VHS: There’s been talk recently that Vancouver might be the ideal site for the world’s first sea sanctuary – a place for captive cetaceans to go if released from marine parks but unable to survive in the wild. What are your thoughts on that idea?
Gary: Sea sanctuaries are the future for rehabilitation and release. They will also provide increased space, depth and a more natural environment for those cetaceans who cannot survive in the wild. There are people who oppose the idea of sea pens or ocean sanctuaries but let’s not forget, there was a time when there were no elephant, primate or big cat sanctuaries and look at their success today. Furthermore, all of these were also thought to be impossible, with strong opposition.
VHS: In your research for the film, what did you find most disturbing about the captivity issue? What did you find most inspiring?
Gary: The infant death rate! Absolutely unbelievable, this literally stunned me and everyone who’s seen the film. It is completely unconscionable for the Vancouver Aquarium to call itself a conservation centre when its infant death rate is astronomically higher than in the wild, this makes no sense.
The most inspiring is the proof that aquariums who have moved away from captivity are doing better financially, provide higher levels of education through technology and interactivity and have demonstrated true conservation efforts. Aquariums such as Monterey Bay in California, Ripley’s Aquarium in Toronto, Shaw Ocean Discovery Centre in B.C. are a few examples.
VHS: What was the most challenging part of making the documentary?
Gary: Containing my emotions. During the repetitive process of editing you are continually reminded of the deaths, short lifespans and the psychological stress on these poor creatures. It is exceptionally difficult to stay focused.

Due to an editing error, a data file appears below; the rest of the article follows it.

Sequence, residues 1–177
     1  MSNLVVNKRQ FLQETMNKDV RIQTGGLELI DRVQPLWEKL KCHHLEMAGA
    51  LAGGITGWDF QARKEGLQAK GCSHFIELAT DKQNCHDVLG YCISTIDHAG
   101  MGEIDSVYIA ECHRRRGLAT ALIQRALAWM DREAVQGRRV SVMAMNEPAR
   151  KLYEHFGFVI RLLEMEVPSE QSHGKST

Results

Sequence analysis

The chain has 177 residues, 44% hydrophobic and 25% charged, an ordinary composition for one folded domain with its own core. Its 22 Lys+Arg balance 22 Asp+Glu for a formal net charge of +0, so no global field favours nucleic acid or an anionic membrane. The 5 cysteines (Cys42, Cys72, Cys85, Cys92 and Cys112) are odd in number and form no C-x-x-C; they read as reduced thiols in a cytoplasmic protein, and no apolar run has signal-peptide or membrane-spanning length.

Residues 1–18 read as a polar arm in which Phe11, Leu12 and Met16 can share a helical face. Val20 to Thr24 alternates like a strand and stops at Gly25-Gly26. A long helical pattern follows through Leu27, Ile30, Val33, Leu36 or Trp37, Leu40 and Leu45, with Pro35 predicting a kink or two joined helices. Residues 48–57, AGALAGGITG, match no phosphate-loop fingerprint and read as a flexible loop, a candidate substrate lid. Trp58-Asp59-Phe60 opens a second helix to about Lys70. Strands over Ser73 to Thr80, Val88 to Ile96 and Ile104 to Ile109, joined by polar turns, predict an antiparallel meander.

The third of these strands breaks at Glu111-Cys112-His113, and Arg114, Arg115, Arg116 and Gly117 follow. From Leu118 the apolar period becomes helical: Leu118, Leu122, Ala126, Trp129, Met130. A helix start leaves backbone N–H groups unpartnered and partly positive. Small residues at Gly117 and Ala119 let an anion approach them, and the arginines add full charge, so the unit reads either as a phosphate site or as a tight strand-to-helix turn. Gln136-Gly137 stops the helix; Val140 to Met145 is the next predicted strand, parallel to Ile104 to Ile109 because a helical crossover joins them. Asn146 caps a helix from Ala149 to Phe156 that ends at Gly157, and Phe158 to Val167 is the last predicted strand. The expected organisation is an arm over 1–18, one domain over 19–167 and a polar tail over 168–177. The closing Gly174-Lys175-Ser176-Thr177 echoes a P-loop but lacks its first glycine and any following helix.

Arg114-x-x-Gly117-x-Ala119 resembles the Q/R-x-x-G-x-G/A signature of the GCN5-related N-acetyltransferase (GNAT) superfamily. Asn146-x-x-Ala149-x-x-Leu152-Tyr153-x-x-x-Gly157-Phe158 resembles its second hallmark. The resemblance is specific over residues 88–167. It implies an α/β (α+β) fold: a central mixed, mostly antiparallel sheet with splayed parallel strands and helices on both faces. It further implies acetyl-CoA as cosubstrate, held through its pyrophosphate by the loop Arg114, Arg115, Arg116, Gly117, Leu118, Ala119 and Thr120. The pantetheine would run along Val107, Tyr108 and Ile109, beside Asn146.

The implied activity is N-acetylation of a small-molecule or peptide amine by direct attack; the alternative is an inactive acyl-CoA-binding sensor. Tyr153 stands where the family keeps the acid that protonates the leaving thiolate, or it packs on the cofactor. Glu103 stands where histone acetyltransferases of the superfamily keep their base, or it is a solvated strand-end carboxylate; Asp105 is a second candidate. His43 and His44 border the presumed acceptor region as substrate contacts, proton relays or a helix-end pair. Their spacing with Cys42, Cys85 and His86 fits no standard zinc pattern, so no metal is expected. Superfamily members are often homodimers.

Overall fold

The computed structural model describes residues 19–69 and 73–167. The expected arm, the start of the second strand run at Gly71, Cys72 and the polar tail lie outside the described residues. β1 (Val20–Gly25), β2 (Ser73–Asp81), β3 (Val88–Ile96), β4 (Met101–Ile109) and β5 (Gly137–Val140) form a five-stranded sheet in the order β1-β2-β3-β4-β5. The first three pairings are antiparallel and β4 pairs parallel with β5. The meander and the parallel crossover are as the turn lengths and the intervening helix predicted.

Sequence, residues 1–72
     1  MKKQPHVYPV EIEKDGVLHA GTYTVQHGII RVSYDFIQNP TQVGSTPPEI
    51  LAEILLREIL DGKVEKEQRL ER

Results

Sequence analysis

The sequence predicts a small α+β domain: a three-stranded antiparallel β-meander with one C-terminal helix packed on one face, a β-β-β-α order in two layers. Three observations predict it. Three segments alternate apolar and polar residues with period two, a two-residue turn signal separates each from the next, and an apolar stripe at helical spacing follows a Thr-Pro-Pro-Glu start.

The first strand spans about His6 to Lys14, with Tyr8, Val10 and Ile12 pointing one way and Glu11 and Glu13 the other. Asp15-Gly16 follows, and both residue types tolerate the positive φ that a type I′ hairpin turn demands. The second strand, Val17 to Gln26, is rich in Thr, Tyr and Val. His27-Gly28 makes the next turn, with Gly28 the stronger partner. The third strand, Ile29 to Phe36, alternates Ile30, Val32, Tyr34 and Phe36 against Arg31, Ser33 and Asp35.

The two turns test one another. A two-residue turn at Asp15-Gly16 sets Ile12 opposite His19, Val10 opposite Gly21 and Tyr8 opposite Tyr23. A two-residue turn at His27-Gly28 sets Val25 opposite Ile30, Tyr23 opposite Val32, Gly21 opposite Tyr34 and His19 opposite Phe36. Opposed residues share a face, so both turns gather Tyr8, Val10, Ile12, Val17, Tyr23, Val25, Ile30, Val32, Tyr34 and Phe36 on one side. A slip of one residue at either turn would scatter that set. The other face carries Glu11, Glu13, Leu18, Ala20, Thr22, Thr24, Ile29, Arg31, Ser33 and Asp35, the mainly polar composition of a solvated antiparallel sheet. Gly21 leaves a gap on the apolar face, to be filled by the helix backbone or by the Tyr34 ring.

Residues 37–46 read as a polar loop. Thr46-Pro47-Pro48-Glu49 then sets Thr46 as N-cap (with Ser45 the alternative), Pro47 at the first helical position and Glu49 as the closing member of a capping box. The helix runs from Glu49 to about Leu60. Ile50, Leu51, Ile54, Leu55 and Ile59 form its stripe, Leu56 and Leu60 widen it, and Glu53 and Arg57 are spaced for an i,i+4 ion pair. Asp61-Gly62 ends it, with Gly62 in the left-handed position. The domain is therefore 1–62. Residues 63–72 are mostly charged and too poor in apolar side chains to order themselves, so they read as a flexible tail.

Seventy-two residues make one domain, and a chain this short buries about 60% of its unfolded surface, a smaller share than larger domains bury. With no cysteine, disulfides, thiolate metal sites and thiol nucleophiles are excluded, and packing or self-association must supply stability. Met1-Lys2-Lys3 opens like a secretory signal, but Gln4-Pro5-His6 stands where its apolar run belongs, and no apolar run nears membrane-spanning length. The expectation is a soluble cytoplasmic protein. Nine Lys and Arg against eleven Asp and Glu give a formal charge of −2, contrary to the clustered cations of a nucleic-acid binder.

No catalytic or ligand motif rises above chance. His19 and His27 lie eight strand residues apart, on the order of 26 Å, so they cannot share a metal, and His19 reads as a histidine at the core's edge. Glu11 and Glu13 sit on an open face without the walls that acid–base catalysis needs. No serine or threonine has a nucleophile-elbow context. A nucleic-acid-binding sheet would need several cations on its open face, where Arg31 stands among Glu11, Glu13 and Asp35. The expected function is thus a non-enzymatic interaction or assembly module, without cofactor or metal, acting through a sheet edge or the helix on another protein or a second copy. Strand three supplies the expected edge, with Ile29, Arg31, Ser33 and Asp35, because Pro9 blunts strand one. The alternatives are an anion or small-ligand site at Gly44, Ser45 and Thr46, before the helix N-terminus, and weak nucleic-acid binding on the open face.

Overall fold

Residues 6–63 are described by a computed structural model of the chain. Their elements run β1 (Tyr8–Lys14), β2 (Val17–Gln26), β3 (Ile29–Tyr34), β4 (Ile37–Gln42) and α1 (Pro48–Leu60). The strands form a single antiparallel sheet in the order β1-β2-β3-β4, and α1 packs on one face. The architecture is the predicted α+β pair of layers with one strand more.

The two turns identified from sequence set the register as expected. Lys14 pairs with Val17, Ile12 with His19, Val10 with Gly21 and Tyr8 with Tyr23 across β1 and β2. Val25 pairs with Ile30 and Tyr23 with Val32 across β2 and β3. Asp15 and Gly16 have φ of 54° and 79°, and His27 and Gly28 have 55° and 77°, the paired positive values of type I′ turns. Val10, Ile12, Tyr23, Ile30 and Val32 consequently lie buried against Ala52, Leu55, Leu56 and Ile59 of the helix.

VHS: Did you have a strong opinion on the issue of captivity prior to doing research for this film? Has making the film changed your opinion on other animal protection issues?
Gary: I’m not a proponent of animals performing tricks even for rescue or rehabilitation because duplicitous organizations will use conservation as a guise for exploitation. However, I was open to learn whether the Vancouver Aquarium was genuinely learning about and aiding whales and dolphins.
Completing this film has unquestionably affirmed that genuine rescue and rehabilitation shouldn’t require animals to perform. Any institution or non-profit organization who states it’s necessary to sell tickets in order to protect or preserve a species is either mismanaged or deceitful.
VHS: How can people see the documentary?
Gary: A screening is being held on Sept 13th at the Vancouver Public Library. Sometime after this date the film will be released online at www.vancouveraquariumuncovered.com. I feel it’s important to note, this is a non-profit film and will be released for free. I want everyone to learn the truth and help the aquarium improve and move into a superior direction.
VHS: What specific actions would you like to see the Vancouver Aquarium take moving forward, in regards to whales and dolphins in captivity?
Gary: The goal of my film is to enhance the Vancouver Aquarium and make it the most advanced and educational marine centre in the world. The aquarium is about to spend millions of dollars expanding their tanks when that money should be used towards technology, innovation and expanding their much needed Marine Mammal Rescue Centre.